Here is the workflow and timelines to follow to keep your momentum going: 60 minutes: Make a single master resume that lists all of your accomplishments, using the templates from the uptowork articles. This is a first pass, not an exhaustive list. This is to learn the patterns of production - do not get bogged down in making it perfect. 15 minutes: Find one job that looks like a fit. Again, it doesn't have to be a perfect fit. The goal at this stage is action. 30 minutes: Make a single master cover letter based on the cover letter tool from uptowork: Cover letter software engineer: https://uptowork.com/blog/software-engineer-cover-letter-example Also available in contents/files of this repository 10 minutes: Follow their applicant submission process for the job. If it's an email to jobs@company_name.com: Subject: (Job Title) - Nathan Harrington Body: Copy and paste from the body of the cover letter. Attachments: Cover letter.pdf Resume.pdf 5 Minutes: Create a Tracking document with the columns listed below. Save the file as "Job Search with Gratitude.csv" Keywords Source Company Job Title Submitted Date Path (email, or ATS) Automated Response Human Response Phone Call Skills Test Online In Person Interview Offer Notes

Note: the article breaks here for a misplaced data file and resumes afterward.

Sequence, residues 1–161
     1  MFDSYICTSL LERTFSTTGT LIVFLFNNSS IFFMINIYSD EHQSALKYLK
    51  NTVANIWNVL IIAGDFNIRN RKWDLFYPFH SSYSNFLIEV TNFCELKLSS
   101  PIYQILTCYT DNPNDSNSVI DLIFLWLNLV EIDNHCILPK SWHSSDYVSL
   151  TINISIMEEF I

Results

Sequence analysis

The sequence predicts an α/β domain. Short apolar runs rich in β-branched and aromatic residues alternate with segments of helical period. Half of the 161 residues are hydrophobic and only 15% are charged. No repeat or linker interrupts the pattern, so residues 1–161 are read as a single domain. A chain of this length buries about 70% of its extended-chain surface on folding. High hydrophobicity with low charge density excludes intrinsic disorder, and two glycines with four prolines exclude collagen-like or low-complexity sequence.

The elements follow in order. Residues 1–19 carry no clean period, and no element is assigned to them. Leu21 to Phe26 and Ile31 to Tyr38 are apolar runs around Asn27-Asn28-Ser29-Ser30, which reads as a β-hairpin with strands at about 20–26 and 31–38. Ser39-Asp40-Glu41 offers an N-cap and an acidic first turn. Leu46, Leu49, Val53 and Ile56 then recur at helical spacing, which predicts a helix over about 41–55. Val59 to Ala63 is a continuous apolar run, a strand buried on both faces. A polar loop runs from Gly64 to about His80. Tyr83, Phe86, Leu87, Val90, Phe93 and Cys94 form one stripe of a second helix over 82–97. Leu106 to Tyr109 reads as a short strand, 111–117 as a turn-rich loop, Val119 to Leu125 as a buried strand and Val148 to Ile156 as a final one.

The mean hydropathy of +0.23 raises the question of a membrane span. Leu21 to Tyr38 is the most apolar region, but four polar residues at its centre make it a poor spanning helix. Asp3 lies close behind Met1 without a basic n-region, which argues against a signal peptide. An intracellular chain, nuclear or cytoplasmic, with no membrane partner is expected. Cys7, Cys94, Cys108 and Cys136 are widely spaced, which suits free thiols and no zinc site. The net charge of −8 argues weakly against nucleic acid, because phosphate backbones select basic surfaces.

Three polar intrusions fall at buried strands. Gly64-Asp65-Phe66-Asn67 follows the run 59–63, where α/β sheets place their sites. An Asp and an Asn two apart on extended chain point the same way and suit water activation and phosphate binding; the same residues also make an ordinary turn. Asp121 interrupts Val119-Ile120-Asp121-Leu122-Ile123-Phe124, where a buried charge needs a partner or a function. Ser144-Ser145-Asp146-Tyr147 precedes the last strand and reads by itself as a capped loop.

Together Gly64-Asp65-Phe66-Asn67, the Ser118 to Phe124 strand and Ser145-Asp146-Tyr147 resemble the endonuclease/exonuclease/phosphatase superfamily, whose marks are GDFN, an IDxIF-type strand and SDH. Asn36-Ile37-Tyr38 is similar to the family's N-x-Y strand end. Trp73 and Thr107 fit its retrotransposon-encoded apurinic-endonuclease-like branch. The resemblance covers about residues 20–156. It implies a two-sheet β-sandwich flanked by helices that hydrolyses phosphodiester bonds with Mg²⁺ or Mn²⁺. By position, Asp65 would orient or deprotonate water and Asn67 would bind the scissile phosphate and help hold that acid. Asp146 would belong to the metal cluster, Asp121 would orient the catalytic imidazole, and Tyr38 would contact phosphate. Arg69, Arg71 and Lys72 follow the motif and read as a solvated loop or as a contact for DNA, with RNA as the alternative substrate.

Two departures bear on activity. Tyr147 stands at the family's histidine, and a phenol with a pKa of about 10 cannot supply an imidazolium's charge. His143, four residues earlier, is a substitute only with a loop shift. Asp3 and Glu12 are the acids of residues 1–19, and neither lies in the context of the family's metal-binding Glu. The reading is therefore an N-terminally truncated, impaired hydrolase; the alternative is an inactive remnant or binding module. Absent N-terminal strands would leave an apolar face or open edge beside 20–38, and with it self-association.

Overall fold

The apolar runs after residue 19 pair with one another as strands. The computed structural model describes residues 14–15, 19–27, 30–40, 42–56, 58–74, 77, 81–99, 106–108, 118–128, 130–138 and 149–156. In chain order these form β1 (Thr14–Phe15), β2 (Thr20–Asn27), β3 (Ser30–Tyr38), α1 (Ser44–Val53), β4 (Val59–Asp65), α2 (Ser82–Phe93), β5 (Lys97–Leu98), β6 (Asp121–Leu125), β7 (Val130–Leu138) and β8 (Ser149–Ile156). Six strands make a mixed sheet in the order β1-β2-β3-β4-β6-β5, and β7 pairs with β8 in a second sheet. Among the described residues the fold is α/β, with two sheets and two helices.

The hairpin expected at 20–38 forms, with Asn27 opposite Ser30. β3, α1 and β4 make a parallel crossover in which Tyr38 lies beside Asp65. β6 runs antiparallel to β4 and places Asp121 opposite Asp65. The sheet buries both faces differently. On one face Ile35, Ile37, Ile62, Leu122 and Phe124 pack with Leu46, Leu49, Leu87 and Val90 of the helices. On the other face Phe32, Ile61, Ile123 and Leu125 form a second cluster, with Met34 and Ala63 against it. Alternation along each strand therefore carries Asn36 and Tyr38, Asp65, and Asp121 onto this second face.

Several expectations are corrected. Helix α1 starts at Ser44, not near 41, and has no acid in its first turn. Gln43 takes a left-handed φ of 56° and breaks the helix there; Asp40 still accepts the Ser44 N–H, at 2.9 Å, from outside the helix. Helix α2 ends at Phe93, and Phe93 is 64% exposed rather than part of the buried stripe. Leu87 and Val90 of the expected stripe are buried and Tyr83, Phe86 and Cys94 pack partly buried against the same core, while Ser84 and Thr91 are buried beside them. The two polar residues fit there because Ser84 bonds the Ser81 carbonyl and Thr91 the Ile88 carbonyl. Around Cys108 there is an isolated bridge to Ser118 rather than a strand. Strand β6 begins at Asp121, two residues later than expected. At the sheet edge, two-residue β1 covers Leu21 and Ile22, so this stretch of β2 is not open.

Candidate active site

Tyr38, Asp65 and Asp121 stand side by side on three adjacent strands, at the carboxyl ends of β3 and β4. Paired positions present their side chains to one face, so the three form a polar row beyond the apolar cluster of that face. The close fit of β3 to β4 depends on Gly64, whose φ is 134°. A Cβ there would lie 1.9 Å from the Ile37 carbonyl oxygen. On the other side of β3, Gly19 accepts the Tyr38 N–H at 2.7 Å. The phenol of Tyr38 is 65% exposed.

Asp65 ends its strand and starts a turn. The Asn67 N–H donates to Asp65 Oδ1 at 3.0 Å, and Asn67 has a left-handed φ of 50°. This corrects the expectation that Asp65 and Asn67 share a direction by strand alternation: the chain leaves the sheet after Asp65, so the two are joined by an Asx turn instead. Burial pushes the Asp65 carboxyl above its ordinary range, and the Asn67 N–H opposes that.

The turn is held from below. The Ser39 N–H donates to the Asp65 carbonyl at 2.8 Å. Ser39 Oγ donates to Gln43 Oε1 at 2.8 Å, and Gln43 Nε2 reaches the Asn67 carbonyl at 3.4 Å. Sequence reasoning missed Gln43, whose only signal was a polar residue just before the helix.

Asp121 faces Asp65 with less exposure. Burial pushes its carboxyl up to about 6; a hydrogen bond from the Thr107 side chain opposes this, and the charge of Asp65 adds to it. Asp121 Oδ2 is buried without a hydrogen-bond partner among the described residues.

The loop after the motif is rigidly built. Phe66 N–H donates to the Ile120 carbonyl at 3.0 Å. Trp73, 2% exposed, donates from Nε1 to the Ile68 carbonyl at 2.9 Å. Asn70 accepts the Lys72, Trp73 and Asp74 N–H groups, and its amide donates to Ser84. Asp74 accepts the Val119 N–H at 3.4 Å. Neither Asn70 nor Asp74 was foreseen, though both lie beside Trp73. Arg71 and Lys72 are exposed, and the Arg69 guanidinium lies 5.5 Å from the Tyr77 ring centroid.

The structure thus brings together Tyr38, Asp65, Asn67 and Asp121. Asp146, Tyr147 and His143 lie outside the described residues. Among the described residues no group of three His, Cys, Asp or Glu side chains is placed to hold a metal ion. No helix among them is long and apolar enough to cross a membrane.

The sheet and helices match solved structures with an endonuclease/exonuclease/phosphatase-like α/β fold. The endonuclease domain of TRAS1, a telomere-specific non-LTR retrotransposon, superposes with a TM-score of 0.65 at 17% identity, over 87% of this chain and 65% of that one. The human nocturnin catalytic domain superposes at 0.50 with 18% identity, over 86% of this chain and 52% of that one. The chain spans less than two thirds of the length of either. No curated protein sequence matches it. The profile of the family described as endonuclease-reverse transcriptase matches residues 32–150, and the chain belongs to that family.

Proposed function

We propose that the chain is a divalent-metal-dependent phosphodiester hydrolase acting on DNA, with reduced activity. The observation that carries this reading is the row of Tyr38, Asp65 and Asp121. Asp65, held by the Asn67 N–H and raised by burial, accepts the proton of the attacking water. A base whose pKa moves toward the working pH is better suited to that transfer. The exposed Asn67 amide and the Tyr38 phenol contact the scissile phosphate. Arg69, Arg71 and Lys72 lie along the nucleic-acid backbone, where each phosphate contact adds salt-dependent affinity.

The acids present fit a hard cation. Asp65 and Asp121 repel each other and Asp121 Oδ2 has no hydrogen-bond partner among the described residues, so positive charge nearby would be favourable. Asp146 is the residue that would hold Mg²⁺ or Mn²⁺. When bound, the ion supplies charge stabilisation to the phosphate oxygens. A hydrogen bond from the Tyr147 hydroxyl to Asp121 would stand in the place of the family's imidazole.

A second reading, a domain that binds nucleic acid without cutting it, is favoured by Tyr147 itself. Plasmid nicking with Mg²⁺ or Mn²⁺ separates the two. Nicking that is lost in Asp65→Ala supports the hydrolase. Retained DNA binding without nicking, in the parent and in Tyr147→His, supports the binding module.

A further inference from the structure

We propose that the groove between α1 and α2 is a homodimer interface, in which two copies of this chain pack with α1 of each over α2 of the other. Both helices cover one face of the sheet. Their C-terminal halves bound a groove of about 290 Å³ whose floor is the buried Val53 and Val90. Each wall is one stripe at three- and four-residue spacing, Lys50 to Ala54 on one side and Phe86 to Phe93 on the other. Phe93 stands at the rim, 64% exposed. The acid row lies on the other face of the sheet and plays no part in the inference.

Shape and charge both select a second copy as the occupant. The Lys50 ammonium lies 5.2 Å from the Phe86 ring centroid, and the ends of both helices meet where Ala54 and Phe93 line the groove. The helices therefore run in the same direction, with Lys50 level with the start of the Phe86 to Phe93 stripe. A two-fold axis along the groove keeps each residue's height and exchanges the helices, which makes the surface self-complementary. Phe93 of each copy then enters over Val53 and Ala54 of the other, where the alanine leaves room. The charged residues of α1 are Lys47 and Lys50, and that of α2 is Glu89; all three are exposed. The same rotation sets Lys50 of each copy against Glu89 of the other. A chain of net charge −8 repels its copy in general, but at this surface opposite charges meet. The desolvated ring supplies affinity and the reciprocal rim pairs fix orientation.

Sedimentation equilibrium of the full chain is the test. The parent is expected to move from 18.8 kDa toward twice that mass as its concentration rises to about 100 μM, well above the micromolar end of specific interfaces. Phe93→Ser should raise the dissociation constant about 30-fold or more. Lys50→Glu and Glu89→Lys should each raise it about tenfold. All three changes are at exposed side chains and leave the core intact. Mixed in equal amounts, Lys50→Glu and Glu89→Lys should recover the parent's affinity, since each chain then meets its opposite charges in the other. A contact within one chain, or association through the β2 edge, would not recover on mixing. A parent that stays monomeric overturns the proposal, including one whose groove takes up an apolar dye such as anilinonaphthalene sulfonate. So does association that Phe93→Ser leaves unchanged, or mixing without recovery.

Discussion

Now as you look at other job opportunities, follow this pattern:
Given a new job posting that looks like a fit: